Oct 08, 2013 04:02 PM EDT
Steve Spurrier Supports Condoleezza Rice's Appointment to College Football Playoff Selection Committee; Criticized by ESPN's David Pollack, Pat Dye
Apparently girls are incapable of knowing anything about football because the vast majority do not play, at least that is according to former Auburn coach Pat Dye.
After Condoleezza Rice was named to the College Football Playoff selection committee, Dye joined several critics in voicing their concern. Speaking Monday on WJOX Morning Drive show, Dye said Rice would not understand football because she never experienced it firsthand.
"All she knows about football is what somebody told her," he said. "Or what she read in a book, or what she saw on television. To understand football, you've got to play with your hand in the dirt."
Rice, a Birmingham, Ala. native, and former U.S. Secretary of State under George W. Bush, is also the former provost of Stanford University, a perennial CFB powerhouse.
Said Dye, "I love Condoleezza Rice and she's probably a good statesman and all of that but how in the hell does she know what it's like out there when you can't get your breath and it's 110 degrees and the coach asks you to go some more?"
Dye is, of course, entitled to an opinion, as is South Carolina head coach Steve Spurrier, whose is just the opposite.
"Why not," Spurrier told ESPN. "She's a Stanford graduate (and she) plays a little golf."
Rice is, in fact, one of two female members at Augusta National Golf Club, the site of the PGA Master's tournament.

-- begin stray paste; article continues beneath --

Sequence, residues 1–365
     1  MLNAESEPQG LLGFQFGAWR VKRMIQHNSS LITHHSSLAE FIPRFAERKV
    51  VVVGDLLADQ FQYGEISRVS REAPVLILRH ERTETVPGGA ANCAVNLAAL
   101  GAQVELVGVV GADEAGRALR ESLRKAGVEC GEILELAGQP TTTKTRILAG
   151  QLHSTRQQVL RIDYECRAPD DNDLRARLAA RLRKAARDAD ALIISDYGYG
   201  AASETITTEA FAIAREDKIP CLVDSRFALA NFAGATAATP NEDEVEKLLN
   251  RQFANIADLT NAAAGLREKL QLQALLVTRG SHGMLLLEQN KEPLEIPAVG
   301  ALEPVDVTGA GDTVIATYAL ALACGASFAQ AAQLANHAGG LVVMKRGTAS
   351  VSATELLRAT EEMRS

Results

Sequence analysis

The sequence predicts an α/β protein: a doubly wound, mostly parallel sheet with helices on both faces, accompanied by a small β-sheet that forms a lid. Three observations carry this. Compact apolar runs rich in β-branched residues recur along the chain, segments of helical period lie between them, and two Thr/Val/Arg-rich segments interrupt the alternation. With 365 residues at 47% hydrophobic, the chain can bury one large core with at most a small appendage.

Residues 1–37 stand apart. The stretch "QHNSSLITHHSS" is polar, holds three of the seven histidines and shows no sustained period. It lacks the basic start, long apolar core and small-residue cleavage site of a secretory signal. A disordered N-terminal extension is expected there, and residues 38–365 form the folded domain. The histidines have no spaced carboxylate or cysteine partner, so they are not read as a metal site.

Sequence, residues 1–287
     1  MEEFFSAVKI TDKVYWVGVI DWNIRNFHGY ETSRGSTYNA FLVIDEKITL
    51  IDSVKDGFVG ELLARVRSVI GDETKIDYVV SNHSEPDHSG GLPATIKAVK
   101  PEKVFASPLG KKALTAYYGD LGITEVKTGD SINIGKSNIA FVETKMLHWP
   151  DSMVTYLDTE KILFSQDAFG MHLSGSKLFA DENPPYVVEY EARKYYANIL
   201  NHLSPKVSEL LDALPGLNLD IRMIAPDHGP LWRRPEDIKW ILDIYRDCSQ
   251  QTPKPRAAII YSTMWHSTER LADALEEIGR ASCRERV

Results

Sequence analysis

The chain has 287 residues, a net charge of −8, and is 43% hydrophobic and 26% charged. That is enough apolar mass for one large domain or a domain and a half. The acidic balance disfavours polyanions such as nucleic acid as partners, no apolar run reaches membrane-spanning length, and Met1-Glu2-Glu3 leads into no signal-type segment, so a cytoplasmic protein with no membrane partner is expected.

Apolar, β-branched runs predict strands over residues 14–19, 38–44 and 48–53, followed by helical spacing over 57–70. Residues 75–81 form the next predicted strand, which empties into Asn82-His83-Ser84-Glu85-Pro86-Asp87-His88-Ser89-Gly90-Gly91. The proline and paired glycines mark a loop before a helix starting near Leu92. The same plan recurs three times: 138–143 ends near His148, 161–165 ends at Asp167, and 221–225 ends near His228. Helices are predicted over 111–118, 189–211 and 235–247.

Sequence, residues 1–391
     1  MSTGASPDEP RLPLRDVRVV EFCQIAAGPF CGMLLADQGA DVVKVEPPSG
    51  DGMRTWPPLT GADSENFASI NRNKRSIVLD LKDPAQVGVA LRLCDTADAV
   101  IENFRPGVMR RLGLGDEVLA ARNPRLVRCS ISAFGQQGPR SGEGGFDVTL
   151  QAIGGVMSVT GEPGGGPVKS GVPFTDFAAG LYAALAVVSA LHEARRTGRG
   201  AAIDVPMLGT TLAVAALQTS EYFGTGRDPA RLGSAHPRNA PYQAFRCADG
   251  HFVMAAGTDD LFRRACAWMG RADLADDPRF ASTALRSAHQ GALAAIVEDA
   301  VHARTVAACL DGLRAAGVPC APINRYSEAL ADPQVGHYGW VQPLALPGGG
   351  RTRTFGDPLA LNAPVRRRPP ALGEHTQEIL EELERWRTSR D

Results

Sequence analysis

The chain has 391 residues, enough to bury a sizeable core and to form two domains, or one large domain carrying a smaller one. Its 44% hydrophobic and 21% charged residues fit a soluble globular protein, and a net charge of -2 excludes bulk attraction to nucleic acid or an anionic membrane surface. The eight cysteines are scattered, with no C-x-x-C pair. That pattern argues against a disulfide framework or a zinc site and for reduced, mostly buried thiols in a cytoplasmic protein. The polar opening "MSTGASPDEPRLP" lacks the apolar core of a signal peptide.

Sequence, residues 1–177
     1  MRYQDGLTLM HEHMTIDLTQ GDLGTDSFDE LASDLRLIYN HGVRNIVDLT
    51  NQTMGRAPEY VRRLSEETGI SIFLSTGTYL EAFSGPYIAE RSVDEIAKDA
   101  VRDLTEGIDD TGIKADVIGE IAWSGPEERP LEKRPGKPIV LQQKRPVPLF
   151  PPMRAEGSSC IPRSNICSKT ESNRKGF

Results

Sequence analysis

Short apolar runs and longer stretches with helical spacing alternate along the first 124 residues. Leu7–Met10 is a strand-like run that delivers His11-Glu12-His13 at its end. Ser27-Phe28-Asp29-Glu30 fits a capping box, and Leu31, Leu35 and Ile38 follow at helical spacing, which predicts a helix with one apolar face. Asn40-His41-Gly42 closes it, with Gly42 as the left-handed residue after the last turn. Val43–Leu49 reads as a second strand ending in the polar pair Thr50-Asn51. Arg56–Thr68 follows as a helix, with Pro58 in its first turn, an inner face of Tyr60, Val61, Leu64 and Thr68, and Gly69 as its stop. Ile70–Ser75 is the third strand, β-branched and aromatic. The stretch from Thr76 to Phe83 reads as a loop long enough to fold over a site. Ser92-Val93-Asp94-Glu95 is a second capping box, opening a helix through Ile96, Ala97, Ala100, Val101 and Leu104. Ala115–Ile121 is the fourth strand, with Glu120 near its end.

ESPN analyst David Pollack was also critical of her appointment, saying he wanted to see "guys who can watch tape" and "that have played football" to be on the committee.
Sports Illustrated's Michael Rosenberg was critical as well, but of those who outwardly opposed Rice's appointment. He called the criticism from Dye and Pollack "sexist and stupid."
"The playoff committee is supposed to determine which four teams are most qualified to play for the national title," wrote Rosenberg. "That is it. Rice is smart enough and diligent enough to do that. The task has nothing to do with putting your hand in the dirt."
He also noted he did not believe Dye or Pollack were sexist men themselves, but speculated the two men "think they are protecting the game."
As ESPN previously reported, Rice will not be the only member on the committee who has not played football in college or in the pros. One of the people reported to serve on the committee, to go into effect after the 2014 season, will be longtime USA Today sportswriter Steve Wieberg.
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